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Navarro-Ortega A.,CSIC - Institute of Environmental Assessment And Water Research | Acuna V.,Catalan Institute for Water Research | Bellin A.,University of Trento | Burek P.,European Commission - Joint Research Center Ispra | And 30 more authors.
Science of the Total Environment | Year: 2015

Water scarcity is a serious environmental problem in many European regions, and will likely increase in the near future as a consequence of increased abstraction and climate change. Water scarcity exacerbates the effects of multiple stressors, and thus results in decreased water quality. It impacts river ecosystems, threatens the services they provide, and it will force managers and policy-makers to change their current practices. The EU-FP7 project GLOBAQUA aims at identifying the prevalence, interaction and linkages between stressors, and to assess their effects on the chemical and ecological status of freshwater ecosystems in order to improve water management practice and policies. GLOBAQUA assembles a multidisciplinary team of 21 European plus 2 non-European scientific institutions, as well as water authorities and river basin managers. The project includes experts in hydrology, chemistry, biology, geomorphology, modelling, socio-economics, governance science, knowledge brokerage, and policy advocacy. GLOBAQUA studies six river basins (Ebro, Adige, Sava, Evrotas, Anglian and Souss Massa) affected by water scarcity, and aims to answer the following questions: how does water scarcity interact with other existing stressors in the study river basins? How will these interactions change according to the different scenarios of future global change? Which will be the foreseeable consequences for river ecosystems? How will these in turn affect the services the ecosystems provide? How should management and policies be adapted to minimise the ecological, economic and societal consequences? These questions will be approached by combining data-mining, field- and laboratory-based research, and modelling. Here, we outline the general structure of the project and the activities to be conducted within the fourteen work-packages of GLOBAQUA. © 2014.


Navarro-Ortega A.,CSIC - Institute of Environmental Assessment And Water Research | Acuna V.,Catalan Institute for Water Research | Bellin A.,University of Trento | Burek P.,European Commission - Joint Research Center Ispra | And 29 more authors.
Science of the Total Environment | Year: 2014

Water scarcity is a serious environmental problem in many European regions, and will likely increase in the near future as a consequence of increased abstraction and climate change. Water scarcity exacerbates the effects of multiple stressors, and thus results in decreased water quality. It impacts river ecosystems, threatens the services they provide, and it will force managers and policy-makers to change their current practices. The EU-FP7 project GLOBAQUA aims at identifying the prevalence, interaction and linkages between stressors, and to assess their effects on the chemical and ecological status of freshwater ecosystems in order to improve water management practice and policies. GLOBAQUA assembles a multidisciplinary team of 21 European plus 2 non-European scientific institutions, as well as water authorities and river basin managers. The project includes experts in hydrology, chemistry, biology, geomorphology, modelling, socio-economics, governance science, knowledge brokerage, and policy advocacy. GLOBAQUA studies six river basins (Ebro, Adige, Sava, Evrotas, Anglian and Souss Massa) affected by water scarcity, and aims to answer the following questions: how does water scarcity interact with other existing stressors in the study river basins? How will these interactions change according to the different scenarios of future global change? Which will be the foreseeable consequences for river ecosystems? How will these in turn affect the services the ecosystems provide? How should management and policies be adapted to minimise the ecological, economic and societal consequences? These questions will be approached by combining data-mining, field- and laboratory-based research, and modelling. Here, we outline the general structure of the project and the activities to be conducted within the fourteen work-packages of GLOBAQUA. © 2014.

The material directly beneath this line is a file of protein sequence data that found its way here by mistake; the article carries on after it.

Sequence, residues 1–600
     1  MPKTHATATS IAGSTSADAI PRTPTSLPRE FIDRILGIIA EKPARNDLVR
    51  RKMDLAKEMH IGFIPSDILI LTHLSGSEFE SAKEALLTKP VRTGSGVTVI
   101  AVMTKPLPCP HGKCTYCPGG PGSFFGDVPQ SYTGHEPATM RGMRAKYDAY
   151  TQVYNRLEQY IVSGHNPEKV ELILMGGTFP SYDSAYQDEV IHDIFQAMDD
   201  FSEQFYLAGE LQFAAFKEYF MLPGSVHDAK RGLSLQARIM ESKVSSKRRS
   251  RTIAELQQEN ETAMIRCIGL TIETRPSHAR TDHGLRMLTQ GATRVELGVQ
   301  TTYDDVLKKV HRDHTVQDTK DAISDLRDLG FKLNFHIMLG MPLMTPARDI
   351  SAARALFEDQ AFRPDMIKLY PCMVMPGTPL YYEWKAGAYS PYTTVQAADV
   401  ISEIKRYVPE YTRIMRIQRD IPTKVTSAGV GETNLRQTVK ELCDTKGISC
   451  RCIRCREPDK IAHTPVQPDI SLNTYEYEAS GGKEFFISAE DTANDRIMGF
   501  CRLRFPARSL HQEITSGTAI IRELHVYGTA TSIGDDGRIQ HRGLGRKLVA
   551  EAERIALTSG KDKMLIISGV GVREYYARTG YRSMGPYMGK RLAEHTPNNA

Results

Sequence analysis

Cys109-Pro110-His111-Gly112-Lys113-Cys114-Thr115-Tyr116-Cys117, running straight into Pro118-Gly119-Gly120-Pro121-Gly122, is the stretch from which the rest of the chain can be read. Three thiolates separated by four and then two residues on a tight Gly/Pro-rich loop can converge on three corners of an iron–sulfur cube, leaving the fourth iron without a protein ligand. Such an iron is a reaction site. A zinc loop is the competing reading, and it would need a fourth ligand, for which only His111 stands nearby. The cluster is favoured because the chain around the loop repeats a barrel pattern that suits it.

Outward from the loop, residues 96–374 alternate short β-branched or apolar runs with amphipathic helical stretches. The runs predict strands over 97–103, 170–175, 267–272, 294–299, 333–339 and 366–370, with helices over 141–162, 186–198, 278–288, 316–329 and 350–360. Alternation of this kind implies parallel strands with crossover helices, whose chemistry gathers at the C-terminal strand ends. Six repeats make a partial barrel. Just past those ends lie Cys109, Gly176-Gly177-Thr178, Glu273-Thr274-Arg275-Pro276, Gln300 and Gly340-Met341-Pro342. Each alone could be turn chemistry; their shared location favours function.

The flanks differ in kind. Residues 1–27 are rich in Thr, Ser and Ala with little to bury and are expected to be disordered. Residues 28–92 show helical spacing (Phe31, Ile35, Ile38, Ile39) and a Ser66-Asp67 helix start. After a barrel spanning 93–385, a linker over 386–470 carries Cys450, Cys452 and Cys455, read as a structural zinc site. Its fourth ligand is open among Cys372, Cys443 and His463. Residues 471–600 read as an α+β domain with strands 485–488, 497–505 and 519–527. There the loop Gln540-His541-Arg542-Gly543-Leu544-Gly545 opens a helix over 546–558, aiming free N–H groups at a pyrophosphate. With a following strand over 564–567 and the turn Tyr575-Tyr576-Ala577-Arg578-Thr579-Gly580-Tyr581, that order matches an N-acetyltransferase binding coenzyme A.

Karagiannis F.,Research and Innovation Center in Information | Keramida D.,Research and Innovation Center in Information | Ioannidis Y.,Research and Innovation Center in Information | Laure E.,KTH Royal Institute of Technology | And 2 more authors.
Data Science Journal | Year: 2013

A general-purpose Global Research Data Infrastructure (GRDI) for all sciences and research purposes is not conceivable for the next decade as there are too many discipline-specific modalities that currently prevail for such generalisation efforts to be effective. On the other hand, a more pragmatic approach is to start from what currently exists, identify best practices and key issues, and promote effective inter-domain collaboration among different components forming an ecosystem. This will promote interoperability, data exchange, data preservation, and distributed access (among others). This ecosystem of interoperable research data infrastructures will be composed of regional, disciplinary, and multidisciplinary components, such as libraries, archives, and data centres, offering data services for both primary datasets and publications. The ecosystem will support data-intensive science and research and stimulate the interaction among all its elements, thus promoting multidisciplinary and interdisciplinary science. This special issue includes a set of independent papers from renowned experts on organisational and technological issues related to GRDIs. These documents feed into and compliment the GRDI2020 roadmap, which supports a Global Research Data Infrastructure ecosystem.